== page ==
Taboo XL
2-6 channel discus launch glider

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Taboo XL home
Construction notes
Construction tips
Ordering info

IHLGF 2002
HLG seminar

Taking the best features of the previous design and improving upon it with the help of the new airfoils, better materials, stronger and stiffer structural components, Taboo XL takes discus launch flying to a new level and is one of the best discus launch gliders available today. The new series of airfoils developed by Mark Drela specifically for flapped wings (AG45-46-47) and used on his well-known glider SuperGee give Taboo XL excellent wind penetration qualities and exceptional thermalling ability. The response of the airfoils to increasing camber is very good making the extra weight of the structure and radio gear not an issue even for a 6 servo plane. With a little trailing edge camber the plane floats like a super light polyhedral floater. At the same time the launch height is amazing with the flaps/ailerons in the reflexed position. Taboo XL was admitted by many people to be the highest launching plane at the IHLGF 2002 in Poway.

The airfoils were designed to have two discrete flap positions: speed mode and thermal mode. In each position one of the airfoil surfaces is smooth, thus minimizing the extra drag of the deflected flap in both regimes. In the speed mode (flaps up) the bottom surface of the airfoil is smooth which correlates well with the fact that the lower surface of the airfoil is more critical at high speeds. In the thermal mode (flaps down) the top surface of the airfoil is smooth, which again is the more critical surface at high angles of attack. Traditional airfoils have a sharp surface kink on both sides of the airfoil at any flap deflection angle except zero, which means they have higher drag with any flap deflection. The polyhedral version of the plane uses airfoils AG12-13-14 which are very close to AG45-46-47 with the flap fixed in the cruise position. The minimum drag of these airfoils is very close to the minimum drag of the flapped airfoils AG45-46-47.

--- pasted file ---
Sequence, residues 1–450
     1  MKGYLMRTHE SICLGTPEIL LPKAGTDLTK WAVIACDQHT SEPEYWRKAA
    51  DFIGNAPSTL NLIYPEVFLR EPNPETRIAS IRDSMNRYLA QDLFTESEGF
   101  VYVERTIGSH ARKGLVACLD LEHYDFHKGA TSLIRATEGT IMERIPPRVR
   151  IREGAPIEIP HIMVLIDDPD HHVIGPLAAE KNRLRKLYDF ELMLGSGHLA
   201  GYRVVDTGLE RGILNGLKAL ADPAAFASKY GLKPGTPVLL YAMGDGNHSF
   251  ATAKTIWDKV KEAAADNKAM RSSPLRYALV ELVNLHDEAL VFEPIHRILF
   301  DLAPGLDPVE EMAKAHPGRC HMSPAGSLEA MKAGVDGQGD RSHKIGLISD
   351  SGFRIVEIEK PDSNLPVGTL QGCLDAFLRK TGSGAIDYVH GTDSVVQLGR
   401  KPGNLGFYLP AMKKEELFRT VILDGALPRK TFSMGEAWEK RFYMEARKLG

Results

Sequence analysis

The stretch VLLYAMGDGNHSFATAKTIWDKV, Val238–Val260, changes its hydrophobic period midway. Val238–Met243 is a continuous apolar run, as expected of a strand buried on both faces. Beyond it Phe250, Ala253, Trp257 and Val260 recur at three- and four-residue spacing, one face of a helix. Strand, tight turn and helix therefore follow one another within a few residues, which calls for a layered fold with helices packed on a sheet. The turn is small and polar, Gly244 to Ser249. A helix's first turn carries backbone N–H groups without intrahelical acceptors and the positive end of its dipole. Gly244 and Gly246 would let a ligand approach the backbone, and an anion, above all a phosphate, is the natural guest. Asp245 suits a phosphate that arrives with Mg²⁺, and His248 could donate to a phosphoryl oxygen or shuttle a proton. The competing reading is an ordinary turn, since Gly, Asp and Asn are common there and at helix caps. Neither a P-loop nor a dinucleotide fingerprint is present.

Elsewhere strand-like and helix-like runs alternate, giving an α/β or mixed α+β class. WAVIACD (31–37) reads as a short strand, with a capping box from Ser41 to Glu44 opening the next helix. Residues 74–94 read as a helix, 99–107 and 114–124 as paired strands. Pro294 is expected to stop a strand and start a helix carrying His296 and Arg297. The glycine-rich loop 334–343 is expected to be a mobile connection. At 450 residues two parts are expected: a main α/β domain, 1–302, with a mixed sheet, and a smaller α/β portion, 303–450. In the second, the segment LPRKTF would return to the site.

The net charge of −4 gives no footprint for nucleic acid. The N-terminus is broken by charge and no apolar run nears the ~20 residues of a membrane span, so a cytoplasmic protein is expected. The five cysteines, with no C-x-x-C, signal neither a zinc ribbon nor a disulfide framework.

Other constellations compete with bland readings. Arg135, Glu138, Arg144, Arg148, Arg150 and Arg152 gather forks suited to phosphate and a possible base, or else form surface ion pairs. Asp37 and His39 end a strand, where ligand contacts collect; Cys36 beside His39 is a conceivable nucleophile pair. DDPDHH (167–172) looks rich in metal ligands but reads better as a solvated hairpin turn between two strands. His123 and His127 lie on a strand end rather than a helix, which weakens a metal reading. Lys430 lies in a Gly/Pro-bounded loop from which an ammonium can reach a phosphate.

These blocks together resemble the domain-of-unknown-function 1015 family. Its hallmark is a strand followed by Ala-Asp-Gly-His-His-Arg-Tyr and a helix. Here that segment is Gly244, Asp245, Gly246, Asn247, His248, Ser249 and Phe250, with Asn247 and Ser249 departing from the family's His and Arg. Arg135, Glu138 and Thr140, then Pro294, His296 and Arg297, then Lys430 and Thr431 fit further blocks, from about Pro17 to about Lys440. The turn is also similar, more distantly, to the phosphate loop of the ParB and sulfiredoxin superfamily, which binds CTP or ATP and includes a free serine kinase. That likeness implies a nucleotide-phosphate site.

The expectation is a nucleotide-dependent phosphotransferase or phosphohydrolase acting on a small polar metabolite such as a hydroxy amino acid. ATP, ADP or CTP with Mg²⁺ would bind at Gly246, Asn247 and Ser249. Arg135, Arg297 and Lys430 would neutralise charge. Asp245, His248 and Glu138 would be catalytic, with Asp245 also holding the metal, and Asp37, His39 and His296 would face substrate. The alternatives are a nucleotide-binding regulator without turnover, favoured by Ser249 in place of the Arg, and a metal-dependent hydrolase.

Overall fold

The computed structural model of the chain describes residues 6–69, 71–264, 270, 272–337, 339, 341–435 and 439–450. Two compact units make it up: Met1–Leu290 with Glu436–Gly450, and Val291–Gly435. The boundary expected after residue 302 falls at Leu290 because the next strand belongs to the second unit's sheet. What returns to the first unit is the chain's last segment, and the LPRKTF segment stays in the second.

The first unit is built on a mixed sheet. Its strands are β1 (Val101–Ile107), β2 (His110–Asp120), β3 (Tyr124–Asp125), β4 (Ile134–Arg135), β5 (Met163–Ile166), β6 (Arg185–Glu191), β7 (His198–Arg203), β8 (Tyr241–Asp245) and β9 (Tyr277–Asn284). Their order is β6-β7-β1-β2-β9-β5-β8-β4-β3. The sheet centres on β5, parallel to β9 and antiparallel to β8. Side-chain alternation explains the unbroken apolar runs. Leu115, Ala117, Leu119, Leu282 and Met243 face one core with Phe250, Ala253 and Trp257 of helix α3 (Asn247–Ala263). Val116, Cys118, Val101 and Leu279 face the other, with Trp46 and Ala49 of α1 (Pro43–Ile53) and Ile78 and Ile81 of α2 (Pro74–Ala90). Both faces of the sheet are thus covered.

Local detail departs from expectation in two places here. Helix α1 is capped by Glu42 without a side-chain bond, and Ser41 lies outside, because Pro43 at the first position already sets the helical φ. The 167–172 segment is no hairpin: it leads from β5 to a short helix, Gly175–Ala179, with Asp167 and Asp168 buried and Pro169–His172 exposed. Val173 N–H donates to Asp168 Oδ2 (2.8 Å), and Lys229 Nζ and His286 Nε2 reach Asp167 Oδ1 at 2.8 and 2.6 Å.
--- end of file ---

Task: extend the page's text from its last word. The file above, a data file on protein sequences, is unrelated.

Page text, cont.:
Taboo XL is available in two versions - aileron and polyhedral. The aileron version can be built as a 4 servo airplane with flaperons or as a 6-servo airplane, with flaps and ailerons. Shown on the pictures is my 6 channel Taboo XL flown at the IHLGF 2002 in Poway. Full-house setup gives the ultimate glide path control at the cost of a small weight penalty. A 4 servo plane will have the same camber changing ability and the same great roll response, but slightly lower glide path control ability. The polyhedral version of the plane is a good compromise of the flight performance and ease of control. Its launch height is very close to that of the aileron version, while the slow flight performance is the same or better than that of the aileron version.